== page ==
Alabama quarterback Mac Jones (10) gets ready to run a play against Arkansas during an NCAA college football game Saturday, Dec. 12, 2020, in Fayetteville, Ark. (AP Photo/Michael Woods)
Alabama quarterback Mac Jones (10) gets ready to run a play against Arkansas during an NCAA college football game Saturday, Dec. 12, 2020, in Fayetteville, Ark. (AP Photo/Michael Woods)
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Alabama did its part to set up a Southeastern Conference championship game between two College Football Playoff contenders.

No. 11 Florida didn't hold up its own end, stumbling to an upset loss to LSU in a game settled on dueling long field goals and a costly penalty.

Now the unanimous No. 1-ranked Crimson Tide (10-0) confronts a Florida team trying to overcome an emotional hangover from that loss. It dealt a potentially fatal blow to the Gators' hopes of making the College Football Playoffs.

“I expect us to have a great week of practice, have a lot of energy and a lot of excitement," Florida coach Dan Mullen said Sunday. "This is what you work for, the opportunity to go play in this game.

“So I don’t know how much of an effect that will have on us.”

Florida (8-2) did lose in painful fashion.

The Gators fell 37-34 to the Tigers after Cade York's 57-yard field goal with 23 seconds remaining amid a dense fog. Florida's Marco Wilson was flagged for throwing tight end Kole Taylor's shoe down the field after what would have been a big third-down stop.

Florida still had a chance to tie, but Evan McPherson's 51-yard field goal attempt went wide left on the final play.

Alabama had no such drama in polishing off the regular season with a 52-3 romp over Arkansas to remain on track for a certain playoff berth with a win — and maybe even a competitive loss.

“I feared that our players might be looking forward to the SEC Championship game in terms of playing up at Arkansas,” Tide coach Nick Saban said. “I was really pleased that ... we didn’t start out great, but we played pretty well in the game.

"I think it's a challenge for any coach with any team when you're in that situation.”

The game Saturday in Atlanta won't quite pit two Top 10 teams against each other, but it matches up explosive offenses and Heisman Trophy candidates at quarterback.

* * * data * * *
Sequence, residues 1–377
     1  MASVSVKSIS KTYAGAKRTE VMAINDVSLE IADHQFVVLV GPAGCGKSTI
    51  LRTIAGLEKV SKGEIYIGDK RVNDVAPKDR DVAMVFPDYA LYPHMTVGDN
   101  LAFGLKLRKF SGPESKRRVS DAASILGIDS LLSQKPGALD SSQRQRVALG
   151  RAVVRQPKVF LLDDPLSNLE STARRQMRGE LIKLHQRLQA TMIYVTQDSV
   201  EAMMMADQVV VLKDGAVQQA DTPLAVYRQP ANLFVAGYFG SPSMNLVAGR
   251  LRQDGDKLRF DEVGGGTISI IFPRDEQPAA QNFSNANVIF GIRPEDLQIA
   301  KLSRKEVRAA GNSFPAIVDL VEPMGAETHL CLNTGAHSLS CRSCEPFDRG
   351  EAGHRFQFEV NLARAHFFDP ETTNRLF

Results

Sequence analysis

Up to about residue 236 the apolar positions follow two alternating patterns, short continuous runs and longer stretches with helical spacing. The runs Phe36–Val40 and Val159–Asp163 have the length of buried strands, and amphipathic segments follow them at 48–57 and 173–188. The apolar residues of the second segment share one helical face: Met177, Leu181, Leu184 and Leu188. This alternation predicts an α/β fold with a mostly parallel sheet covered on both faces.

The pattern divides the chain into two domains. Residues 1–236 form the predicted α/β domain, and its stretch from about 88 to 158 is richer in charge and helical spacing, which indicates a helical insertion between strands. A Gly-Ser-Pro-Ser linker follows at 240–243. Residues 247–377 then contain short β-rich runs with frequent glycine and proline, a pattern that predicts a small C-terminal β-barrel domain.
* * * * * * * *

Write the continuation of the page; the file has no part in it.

Kyle Trask, who had three turnovers in the second quarter against LSU, directs the nation's top passing offense. Mac Jones and Alabama have the No. 6 passing team.

The Tide is third in scoring and the Gators 12th.

It's a reprisal of the 2008 and 2009 Florida-Alabama title games that featured 1 versus 2 matchups. The teams split them, with Florida winning 31-20 and then Alabama getting even, 32-13.

Each time the winner went on to win the national title. Those scores seem like defensive struggles given how explosive both offenses are.

“Obviously they've got talent at every position all over the field,” Mullen said. "There aren't a lot of weaknesses in any aspect of their game. Obviously, they can put up a lot of points offensively. They can do it in their running game.

“They can do it in the short passing game where they're getting their athletes in space and let them go make big plays. Or they can do it with shots deep down the field.”

Saban, in understated fashion, on the Gators: “They’ve certainly made their share of explosive plays this year, that’s for sure.”

But now the Gators and Wilson have to regroup and repair their psyches after their second three-point loss of the season. Mullen said there was plenty of blame to go around besides Wilson's lapse in judgment.

“That's certainly not the reason we lost the game,” he said. “There were many, many factors that went into that.”

Both teams are hoping to get injured players back. Florida star tight end Kyle Pitts missed the LSU game with an undisclosed injury.

“Talking to our trainers, they expect him to be cleared to play this week,” Mullen said.

Saban is hoping that linebacker Christian Harris can return from a shoulder injury.


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